I collected 4 times as much meat, but only a "Good" rating? what gives? Oh maybe it's that indecipherable kill rate - I'm down to 0.07. My score is higher though. Also, still no epic prey killed. There must be some more secret or rare creatures to kill. The bad thing here, is that I collected 210 lbs or meat, but can only carry 200. There has been no information so far about how I could carry all 210.

As you're walking along, you might spot some gold in the back ground.

This is nice, as the bonus is small so you could ignore it if you wanted to, but if you want to watch it like a hawk it gives you something to do. There are also some traveling merchants you can pass... too bad I don't have any money to spend, and don't have enough inventory slots to hold anything else. More slots unlock as I level, so maybe next time through these merchants will be meaningful.

Oh no! One of my people was bitten by a snake! This brings up the first two big problems with this game. First, hitting an event like this stops my travel. I would have thought I could go afk or close the window and my party would keep traveling. I would have made traveling the thing that takes a lot of time, asking the player to come back in an hour when they get to the next location (town or decision point) in the game. The bigger problem, is that now one of my people is poisoned. Well, I bought some anitidoes, so I can cure them right away.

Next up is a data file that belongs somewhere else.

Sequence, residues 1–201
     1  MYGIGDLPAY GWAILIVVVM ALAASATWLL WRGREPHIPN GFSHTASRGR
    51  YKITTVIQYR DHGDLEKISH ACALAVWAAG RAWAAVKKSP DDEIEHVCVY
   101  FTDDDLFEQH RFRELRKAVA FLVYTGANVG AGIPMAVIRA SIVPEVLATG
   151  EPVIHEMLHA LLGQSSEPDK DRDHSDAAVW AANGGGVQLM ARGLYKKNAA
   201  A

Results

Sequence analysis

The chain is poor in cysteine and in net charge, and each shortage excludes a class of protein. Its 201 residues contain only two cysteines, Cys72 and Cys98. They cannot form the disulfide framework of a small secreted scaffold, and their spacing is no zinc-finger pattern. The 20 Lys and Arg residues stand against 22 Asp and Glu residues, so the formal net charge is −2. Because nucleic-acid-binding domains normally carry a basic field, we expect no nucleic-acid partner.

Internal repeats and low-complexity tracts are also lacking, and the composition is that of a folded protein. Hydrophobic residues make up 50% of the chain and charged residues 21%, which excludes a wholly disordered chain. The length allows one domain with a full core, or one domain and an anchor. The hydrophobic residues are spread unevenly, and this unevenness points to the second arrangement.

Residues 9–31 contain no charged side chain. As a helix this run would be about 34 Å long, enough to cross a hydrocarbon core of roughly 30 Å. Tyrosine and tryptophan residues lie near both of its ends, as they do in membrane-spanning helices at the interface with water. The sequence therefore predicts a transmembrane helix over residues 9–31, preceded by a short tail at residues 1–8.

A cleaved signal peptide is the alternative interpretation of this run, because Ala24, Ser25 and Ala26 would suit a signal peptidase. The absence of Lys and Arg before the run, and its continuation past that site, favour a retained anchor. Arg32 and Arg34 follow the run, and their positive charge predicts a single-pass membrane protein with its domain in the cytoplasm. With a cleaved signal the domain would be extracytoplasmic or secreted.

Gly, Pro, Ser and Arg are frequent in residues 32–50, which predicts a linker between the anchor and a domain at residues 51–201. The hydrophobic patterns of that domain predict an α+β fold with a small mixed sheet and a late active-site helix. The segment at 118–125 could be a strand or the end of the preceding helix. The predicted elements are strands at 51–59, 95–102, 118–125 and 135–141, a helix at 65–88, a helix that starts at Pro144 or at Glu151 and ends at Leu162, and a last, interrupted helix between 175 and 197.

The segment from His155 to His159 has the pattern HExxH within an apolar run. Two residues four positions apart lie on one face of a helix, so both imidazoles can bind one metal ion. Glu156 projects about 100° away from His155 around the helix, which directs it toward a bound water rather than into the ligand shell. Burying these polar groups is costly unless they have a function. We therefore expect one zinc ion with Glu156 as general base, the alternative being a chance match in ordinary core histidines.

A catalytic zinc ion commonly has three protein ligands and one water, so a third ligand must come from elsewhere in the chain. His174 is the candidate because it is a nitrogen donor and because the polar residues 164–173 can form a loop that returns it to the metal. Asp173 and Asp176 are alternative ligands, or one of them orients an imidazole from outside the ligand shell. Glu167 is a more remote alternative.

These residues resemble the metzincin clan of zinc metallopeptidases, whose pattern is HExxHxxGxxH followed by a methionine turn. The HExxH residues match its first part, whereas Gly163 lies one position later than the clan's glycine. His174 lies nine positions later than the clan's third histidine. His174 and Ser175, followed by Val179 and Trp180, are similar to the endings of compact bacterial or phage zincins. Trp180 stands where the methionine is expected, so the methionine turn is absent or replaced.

Five seconds later...

Another snake bite! This is soon followed by two sicknesses and yet another snake bite. Now four of my people are losing health. The bites and illness come so often that there's no point in curing them. In fact you immediately feel that the antidotes and medicine are total rip-off items that you should clearly never buy. I should also tell you, when you get bitten or sick, you have 3 choices. Pay money (real money) to fix it, ignore it, and wait and see if it gets better. Hint: it never gets better if you wait. They are clearly just trying to milk me for real money, and there's no way I'm going to pay them every 30 seconds to cure my people of repeating bites and illnesses. So my people are losing health. So far, I have not seen any effect this has. Seems like the health system is not yet implemented in the game. Maybe they'll die suddenly, wouldn't that be fun? Look, I remember dysentery being a bit problem in the original game, but this implementation is moronic. I shouldn't feel that my people are doomed to constant health problems no matter what I do.